In America’s centennial year of 1876, barely a decade after it had enrolled over a million soldiers in its ranks, the U.S. Army was cut to a postwar low of 24,000 personnel — in a nation of 46 million. Few people complained, because the nation had no enemies other than the Indians on the western frontier.
Two generations later a similar demobilization occurred at the end of World War One, causing a 94% reduction in Army personnel. That time the cuts had big consequences, because within a few years a thoroughly unprepared nation was at war in both Europe and the Pacific. Nonetheless, another rapid drawdown occurred after the Second World War, resulting in severe defeats during the early days of the Korean War.
America has a history of precipitous demobilizations, and the Army has almost always been the biggest victim. This time was supposed to be different though, because after two generations of what Kennedy called the “long twilight struggle” against communism, policymakers were said to have learned from past mistakes.
Well, guess again. The Pentagon seems to be moving towards an aerospace-centric transformation of military forces that will greatly shrink the role of ground forces. It makes sense to invest in technologies where America has a competitive advantage, but the rationale for cutting ground forces sounds suspiciously similar to the excuses used in past demobilizations.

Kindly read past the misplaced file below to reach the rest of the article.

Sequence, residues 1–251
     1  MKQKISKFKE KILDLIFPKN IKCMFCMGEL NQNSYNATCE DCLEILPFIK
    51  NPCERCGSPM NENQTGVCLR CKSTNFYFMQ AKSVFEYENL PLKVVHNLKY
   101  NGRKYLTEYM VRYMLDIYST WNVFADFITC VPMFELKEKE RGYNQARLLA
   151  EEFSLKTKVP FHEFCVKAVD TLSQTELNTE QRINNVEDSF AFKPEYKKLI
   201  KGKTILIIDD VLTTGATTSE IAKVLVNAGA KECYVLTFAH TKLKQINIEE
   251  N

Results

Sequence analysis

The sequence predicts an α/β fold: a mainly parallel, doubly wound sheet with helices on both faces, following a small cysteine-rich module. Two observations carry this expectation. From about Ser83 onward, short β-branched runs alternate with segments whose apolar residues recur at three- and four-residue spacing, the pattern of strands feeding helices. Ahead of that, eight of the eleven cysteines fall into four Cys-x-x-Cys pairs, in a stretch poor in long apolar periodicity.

You’ve probably heard most of the arguments. The U.S. strategic focus is shifting to Asia. Future threats will be asymmetric and unconventional. The public won’t tolerate casualties. Allies will take on tasks like peacekeeping. New technologies will enable novel approaches to accomplishing military missions. Blah, blah, blah.
Isn’t this all a little too convenient? Doesn’t such reasoning rationalize what the political system wants to do anyway, i.e., continue demobilizing? Perhaps the transformation mindset would be easier to take seriously if any of its leading proponents had foreseen the demise of communism, the Asian financial meltdown, or other recent surprises. They didn’t, though, which raises the suspicion that they are merely providing the political system with excuses for avoiding sacrifice rather than foretelling the future.
There’s a bottom line on this argument. Every war America has fought — the Civil War, the World Wars, Korea, Vietnam, Desert Storm, even the Balkan air war — was ultimately about the control of land. Aerospace systems can stop enemies from using territory as they wish, but they can’t secure friendly control of that territory. That requires an Army. Maybe America doesn’t want to hear that message today, but it is one of history’s most obvious lessons.
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